CHICAGO (WLS) -- Jussie Smollett was released from Cook County Jail Wednesday after an appeals court that agreed with his lawyers that he should be released pending the appeal of his conviction for lying to police about a racist and homophobic attack.
The ruling came after a Cook County judge sentenced Smollett last week to immediately begin serving 150 days in jail for his conviction on five felony counts of disorderly conduct for lying to police. The appeals court said Smollett could be released after posting a personal recognizance bond of $150,000.
WATCH: Jussie Smollett walks out of Cook County Jail
He walked out of the jail shortly after 8 p.m., past a gaggle of gathered media, without saying a word. His defense team lauded the appellate court's decision to release him, but did not say where he would go or what he would do while they continue to work on his appeal.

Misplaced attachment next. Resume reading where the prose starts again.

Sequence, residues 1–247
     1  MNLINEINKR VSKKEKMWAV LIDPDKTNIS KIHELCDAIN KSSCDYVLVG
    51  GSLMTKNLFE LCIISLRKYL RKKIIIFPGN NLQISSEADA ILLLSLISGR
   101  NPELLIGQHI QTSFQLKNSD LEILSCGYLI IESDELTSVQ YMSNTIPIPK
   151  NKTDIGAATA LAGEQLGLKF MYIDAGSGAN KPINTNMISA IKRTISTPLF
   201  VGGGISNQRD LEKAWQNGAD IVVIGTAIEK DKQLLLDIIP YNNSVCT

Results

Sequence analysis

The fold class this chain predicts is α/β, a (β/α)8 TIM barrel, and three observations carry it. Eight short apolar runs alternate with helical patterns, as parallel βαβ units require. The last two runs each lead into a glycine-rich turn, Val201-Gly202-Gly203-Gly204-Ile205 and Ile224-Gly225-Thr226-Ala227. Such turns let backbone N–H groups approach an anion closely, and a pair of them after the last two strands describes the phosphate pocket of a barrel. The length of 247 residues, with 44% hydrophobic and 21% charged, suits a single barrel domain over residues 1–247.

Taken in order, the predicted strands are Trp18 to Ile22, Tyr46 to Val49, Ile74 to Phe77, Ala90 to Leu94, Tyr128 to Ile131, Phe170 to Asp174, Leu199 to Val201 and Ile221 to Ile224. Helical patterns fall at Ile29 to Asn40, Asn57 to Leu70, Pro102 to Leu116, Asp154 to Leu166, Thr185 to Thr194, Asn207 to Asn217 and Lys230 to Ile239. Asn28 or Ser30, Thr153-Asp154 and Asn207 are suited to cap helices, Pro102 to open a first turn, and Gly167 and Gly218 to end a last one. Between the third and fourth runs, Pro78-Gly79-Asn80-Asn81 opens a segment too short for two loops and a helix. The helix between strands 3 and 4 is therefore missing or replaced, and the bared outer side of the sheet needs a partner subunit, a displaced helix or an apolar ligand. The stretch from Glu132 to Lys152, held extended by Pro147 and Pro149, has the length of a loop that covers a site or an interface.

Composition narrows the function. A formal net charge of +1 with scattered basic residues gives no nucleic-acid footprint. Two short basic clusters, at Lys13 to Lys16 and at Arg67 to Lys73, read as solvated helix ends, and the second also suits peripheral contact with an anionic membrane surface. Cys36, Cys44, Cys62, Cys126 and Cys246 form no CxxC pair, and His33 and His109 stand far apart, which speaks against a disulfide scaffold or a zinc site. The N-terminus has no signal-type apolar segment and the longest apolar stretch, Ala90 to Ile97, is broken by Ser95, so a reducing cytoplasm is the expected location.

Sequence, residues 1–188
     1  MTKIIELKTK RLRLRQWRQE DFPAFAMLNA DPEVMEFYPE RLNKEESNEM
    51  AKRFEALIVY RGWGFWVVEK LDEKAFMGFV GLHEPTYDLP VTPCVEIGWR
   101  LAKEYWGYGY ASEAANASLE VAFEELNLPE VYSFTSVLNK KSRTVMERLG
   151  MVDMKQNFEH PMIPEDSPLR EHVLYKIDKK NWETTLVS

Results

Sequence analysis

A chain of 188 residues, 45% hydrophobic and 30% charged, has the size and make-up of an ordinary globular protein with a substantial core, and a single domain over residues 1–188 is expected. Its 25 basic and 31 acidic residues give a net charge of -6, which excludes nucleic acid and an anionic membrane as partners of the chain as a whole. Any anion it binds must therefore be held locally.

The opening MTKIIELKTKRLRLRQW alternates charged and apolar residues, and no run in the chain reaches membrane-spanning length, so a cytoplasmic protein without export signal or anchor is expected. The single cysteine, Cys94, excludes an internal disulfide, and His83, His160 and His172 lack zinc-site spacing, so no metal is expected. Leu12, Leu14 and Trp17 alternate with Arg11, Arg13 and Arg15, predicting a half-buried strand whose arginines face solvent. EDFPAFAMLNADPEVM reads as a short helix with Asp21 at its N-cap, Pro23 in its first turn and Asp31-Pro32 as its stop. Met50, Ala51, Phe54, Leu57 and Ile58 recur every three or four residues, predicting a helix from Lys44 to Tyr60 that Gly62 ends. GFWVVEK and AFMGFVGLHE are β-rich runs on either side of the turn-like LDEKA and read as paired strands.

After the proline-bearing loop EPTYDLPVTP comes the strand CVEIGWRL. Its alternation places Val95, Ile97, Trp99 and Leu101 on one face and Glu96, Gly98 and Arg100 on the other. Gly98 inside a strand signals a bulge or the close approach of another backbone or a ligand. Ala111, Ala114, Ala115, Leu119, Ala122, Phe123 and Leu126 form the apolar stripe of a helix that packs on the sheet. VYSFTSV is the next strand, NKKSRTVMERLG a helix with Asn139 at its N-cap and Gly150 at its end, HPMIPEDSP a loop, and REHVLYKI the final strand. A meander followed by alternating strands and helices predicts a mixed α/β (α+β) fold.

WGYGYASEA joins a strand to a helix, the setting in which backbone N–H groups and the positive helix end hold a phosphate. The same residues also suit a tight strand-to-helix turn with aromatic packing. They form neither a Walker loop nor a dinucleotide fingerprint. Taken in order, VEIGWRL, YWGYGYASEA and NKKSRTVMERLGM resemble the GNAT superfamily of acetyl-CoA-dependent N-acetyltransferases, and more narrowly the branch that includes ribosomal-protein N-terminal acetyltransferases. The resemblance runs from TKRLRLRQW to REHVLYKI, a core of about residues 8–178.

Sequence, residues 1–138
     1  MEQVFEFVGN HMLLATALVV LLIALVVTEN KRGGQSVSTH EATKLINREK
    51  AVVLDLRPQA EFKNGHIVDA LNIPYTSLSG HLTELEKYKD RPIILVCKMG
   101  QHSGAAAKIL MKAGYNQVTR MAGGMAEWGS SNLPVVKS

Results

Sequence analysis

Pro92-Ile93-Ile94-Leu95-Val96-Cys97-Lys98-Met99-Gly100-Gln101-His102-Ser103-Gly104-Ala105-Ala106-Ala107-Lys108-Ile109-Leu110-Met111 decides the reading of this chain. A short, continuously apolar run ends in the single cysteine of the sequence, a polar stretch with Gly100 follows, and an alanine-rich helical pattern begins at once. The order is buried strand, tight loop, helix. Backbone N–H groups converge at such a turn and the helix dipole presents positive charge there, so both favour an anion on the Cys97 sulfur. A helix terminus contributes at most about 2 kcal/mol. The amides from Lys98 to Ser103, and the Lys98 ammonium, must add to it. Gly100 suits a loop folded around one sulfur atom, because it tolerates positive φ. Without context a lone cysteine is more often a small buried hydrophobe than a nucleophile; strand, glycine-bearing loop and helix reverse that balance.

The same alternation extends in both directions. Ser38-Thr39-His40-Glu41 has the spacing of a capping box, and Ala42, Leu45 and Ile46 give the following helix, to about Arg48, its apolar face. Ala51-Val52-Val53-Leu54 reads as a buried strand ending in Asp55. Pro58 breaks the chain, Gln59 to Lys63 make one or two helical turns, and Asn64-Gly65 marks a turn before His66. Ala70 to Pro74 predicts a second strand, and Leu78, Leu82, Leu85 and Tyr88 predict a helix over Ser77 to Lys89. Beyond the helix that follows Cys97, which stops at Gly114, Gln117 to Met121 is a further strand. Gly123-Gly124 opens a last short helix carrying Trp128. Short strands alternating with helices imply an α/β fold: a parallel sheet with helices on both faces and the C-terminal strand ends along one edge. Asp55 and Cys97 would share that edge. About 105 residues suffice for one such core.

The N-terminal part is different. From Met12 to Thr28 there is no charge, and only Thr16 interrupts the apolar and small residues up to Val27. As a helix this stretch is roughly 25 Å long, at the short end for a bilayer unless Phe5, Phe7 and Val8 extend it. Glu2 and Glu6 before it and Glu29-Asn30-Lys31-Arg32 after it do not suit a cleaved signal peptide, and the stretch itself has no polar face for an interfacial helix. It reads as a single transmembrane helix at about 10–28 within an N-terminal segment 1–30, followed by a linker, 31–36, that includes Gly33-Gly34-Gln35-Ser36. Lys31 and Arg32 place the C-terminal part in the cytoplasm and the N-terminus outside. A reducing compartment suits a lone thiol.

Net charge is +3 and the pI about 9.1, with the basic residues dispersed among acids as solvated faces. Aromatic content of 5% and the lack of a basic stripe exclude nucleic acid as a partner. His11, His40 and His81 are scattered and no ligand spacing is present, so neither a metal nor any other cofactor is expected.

It was not known if Smollett would have to stay in Cook County or Chicago; previously, Judge James Linn had said during his post-jail probationary period he would be allowed to leave the state and check in with his probation officer remotely.
WATCH: Jussie Smollett's defense attorneys speak after release
His attorneys said the actor broke down when they gave him the news he'd be freed.
"He pushed his hands on the glass and he was, his eyes got teary and I've never seen that, because he's been very strong in there," said attorney Nenye Uche. "And he said, 'I nearly lost hope in our constitutional system.'"
Smollett's attorneys had argued that he would have completed the sentence by the time the appeal process was completed and that Smollett could be in danger of physical harm if he remained locked up in Cook County Jail.